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  • Writer's pictureJoe Pace

Player of Games, #47: Clue

I'll admit that I was never a huge fan of the board game Clue when I was a youngster. It might simply boil down to the fact that most of the time it was just my brother and me, and Clue is not a game effectively played with two people. I have this memory of playing it a few times with people who misrepresented the truth, which of course renders the game unplayable. Maybe the liar was me, I don't know. Memory is a tricky thing...


At any rate, I did enjoy the endlessly silly cult-classic 1985 film version, with Tim Curry's frenetic butler and the goofy cast of eighties character actors bringing the familiar suspects to life. Little did I think then that thirty-eight years later I'd be sitting in a theater audience cheering on our eldest son as he inhabited the repressed, heroic Mr. Green in a high school production of Clue. After his casting, we dug out my old version of the board game, a 1972 edition, and played as a family. Holy buckets! It was fun! Who knew?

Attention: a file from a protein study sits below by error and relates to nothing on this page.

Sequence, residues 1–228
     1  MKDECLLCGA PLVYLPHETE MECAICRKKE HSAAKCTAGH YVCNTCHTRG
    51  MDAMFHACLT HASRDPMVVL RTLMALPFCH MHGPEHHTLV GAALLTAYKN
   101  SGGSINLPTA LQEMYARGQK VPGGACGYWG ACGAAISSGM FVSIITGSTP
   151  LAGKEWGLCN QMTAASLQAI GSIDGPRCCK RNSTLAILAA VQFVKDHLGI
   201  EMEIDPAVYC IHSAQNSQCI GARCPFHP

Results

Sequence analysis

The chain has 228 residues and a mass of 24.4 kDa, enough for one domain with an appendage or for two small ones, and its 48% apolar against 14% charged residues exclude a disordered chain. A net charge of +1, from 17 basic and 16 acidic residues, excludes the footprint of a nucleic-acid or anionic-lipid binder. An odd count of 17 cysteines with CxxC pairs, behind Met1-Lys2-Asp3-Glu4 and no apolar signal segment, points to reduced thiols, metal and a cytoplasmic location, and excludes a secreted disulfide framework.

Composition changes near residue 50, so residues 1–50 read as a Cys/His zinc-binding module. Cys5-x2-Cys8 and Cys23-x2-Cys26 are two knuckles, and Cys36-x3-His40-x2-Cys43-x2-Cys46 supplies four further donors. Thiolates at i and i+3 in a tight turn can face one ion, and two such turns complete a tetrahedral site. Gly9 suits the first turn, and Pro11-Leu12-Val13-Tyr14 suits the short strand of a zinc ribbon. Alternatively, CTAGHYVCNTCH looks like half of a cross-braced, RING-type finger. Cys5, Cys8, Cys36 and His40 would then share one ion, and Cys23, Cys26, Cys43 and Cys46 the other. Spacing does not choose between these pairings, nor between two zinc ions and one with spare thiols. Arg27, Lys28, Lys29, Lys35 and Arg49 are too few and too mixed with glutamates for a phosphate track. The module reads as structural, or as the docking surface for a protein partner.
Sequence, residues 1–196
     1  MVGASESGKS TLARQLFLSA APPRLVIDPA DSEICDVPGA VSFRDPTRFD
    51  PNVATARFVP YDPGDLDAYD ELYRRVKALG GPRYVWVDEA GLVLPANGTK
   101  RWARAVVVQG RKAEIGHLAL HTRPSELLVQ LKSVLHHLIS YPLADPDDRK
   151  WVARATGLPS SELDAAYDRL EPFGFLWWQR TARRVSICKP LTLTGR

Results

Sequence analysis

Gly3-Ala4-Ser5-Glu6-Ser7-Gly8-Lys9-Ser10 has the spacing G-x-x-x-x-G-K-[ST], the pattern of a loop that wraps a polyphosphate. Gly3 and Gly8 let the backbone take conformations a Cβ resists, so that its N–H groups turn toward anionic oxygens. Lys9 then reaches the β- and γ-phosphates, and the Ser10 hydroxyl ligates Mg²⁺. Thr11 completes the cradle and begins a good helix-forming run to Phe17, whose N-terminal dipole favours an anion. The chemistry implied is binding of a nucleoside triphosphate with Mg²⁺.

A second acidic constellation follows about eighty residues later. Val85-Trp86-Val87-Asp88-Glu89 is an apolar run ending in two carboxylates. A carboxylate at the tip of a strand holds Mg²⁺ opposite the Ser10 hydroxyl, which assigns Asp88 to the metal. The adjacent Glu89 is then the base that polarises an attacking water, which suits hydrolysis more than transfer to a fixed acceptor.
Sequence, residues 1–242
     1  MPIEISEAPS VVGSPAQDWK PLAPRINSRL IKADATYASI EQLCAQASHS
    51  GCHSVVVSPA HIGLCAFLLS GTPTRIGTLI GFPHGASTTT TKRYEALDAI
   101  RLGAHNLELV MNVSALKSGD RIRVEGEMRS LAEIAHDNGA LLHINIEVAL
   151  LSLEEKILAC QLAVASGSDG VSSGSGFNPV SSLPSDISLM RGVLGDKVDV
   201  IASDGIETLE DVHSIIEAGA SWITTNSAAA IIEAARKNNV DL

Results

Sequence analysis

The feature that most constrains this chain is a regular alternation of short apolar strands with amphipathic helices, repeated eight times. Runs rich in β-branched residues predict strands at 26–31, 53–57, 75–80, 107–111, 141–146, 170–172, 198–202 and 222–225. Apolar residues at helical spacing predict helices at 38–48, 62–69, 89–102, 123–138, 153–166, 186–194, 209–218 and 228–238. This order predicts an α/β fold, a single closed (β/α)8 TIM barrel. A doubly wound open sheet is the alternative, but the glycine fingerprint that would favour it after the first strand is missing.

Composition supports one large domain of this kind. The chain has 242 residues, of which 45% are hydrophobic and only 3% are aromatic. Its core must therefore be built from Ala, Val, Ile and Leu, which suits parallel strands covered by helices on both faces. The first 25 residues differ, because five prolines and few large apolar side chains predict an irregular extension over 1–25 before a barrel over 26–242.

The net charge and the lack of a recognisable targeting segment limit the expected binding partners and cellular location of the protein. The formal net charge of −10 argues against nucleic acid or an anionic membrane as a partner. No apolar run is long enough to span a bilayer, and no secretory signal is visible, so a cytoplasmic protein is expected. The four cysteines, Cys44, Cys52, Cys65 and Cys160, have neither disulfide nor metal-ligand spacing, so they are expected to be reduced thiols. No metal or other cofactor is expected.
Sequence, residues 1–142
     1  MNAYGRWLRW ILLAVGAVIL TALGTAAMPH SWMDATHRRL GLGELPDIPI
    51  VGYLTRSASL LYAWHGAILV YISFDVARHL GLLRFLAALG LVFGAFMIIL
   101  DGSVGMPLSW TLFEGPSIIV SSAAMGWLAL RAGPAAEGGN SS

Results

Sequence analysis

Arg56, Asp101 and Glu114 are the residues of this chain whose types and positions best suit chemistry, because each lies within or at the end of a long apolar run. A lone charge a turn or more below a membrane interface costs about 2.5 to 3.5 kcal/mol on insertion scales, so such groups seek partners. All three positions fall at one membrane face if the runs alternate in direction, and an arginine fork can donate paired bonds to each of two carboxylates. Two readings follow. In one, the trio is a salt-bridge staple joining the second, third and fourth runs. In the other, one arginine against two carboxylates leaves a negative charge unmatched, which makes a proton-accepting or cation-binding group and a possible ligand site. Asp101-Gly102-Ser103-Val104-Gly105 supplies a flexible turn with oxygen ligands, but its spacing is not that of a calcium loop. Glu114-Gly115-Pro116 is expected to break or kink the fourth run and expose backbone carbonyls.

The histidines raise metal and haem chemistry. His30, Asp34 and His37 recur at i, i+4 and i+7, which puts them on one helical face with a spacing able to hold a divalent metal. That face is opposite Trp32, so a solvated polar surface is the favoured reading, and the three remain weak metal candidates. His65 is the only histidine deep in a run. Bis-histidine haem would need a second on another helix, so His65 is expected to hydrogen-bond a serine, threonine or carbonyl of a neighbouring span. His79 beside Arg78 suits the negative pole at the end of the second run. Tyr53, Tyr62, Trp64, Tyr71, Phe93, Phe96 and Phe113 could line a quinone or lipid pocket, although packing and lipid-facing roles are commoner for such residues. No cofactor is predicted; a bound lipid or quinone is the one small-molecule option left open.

The game itself was invented Anthony Pratt in 1943 in Birmingham, England during long blackout hours while Nazi bombers circled overhead. He called it Murder!, though the British game distributor that released it renamed it Cluedo. The game closely resembles the version we all know, though there were more suspects (including Mr. Brown, Mr. Gold, Miss Grey, and Mrs. Silver). And while we're all familiar with the murderous lead pipe, revolver, candlestick, and other potential weapons, there were several more in Pratt's initial design: bomb, syringe, shillelagh, and fireplace poker (I have to wonder what the collateral damage of the bomb would have been). There was also a gun room and a cellar to add to the possible criminal locales.


I'm not sure I would go so far as to call myself a Clue devotee now. But I will always be a fan of Mr. Green.



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